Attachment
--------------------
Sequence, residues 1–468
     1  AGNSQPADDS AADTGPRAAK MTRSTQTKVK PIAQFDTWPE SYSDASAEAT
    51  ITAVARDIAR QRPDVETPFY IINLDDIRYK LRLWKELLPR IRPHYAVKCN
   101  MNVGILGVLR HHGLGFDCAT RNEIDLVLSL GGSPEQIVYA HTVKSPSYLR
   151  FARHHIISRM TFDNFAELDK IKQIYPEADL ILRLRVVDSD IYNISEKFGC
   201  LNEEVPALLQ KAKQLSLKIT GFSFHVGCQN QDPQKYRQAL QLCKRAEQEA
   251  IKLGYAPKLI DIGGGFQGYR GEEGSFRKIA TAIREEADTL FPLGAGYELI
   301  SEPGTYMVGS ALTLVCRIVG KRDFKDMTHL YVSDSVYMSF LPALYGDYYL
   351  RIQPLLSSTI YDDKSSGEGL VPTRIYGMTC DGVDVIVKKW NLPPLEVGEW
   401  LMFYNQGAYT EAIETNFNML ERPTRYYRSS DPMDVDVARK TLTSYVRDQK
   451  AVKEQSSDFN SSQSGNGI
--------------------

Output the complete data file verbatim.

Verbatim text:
Sequence, residues 1–468
     1  AGNSQPADDS AADTGPRAAK MTRSTQTKVK PIAQFDTWPE SYSDASAEAT
    51  ITAVARDIAR QRPDVETPFY IINLDDIRYK LRLWKELLPR IRPHYAVKCN
   101  MNVGILGVLR HHGLGFDCAT RNEIDLVLSL GGSPEQIVYA HTVKSPSYLR
   151  FARHHIISRM TFDNFAELDK IKQIYPEADL ILRLRVVDSD IYNISEKFGC
   201  LNEEVPALLQ KAKQLSLKIT GFSFHVGCQN QDPQKYRQAL QLCKRAEQEA
   251  IKLGYAPKLI DIGGGFQGYR GEEGSFRKIA TAIREEADTL FPLGAGYELI
   301  SEPGTYMVGS ALTLVCRIVG KRDFKDMTHL YVSDSVYMSF LPALYGDYYL
   351  RIQPLLSSTI YDDKSSGEGL VPTRIYGMTC DGVDVIVKKW NLPPLEVGEW
   401  LMFYNQGAYT EAIETNFNML ERPTRYYRSS DPMDVDVARK TLTSYVRDQK
   451  AVKEQSSDFN SSQSGNGI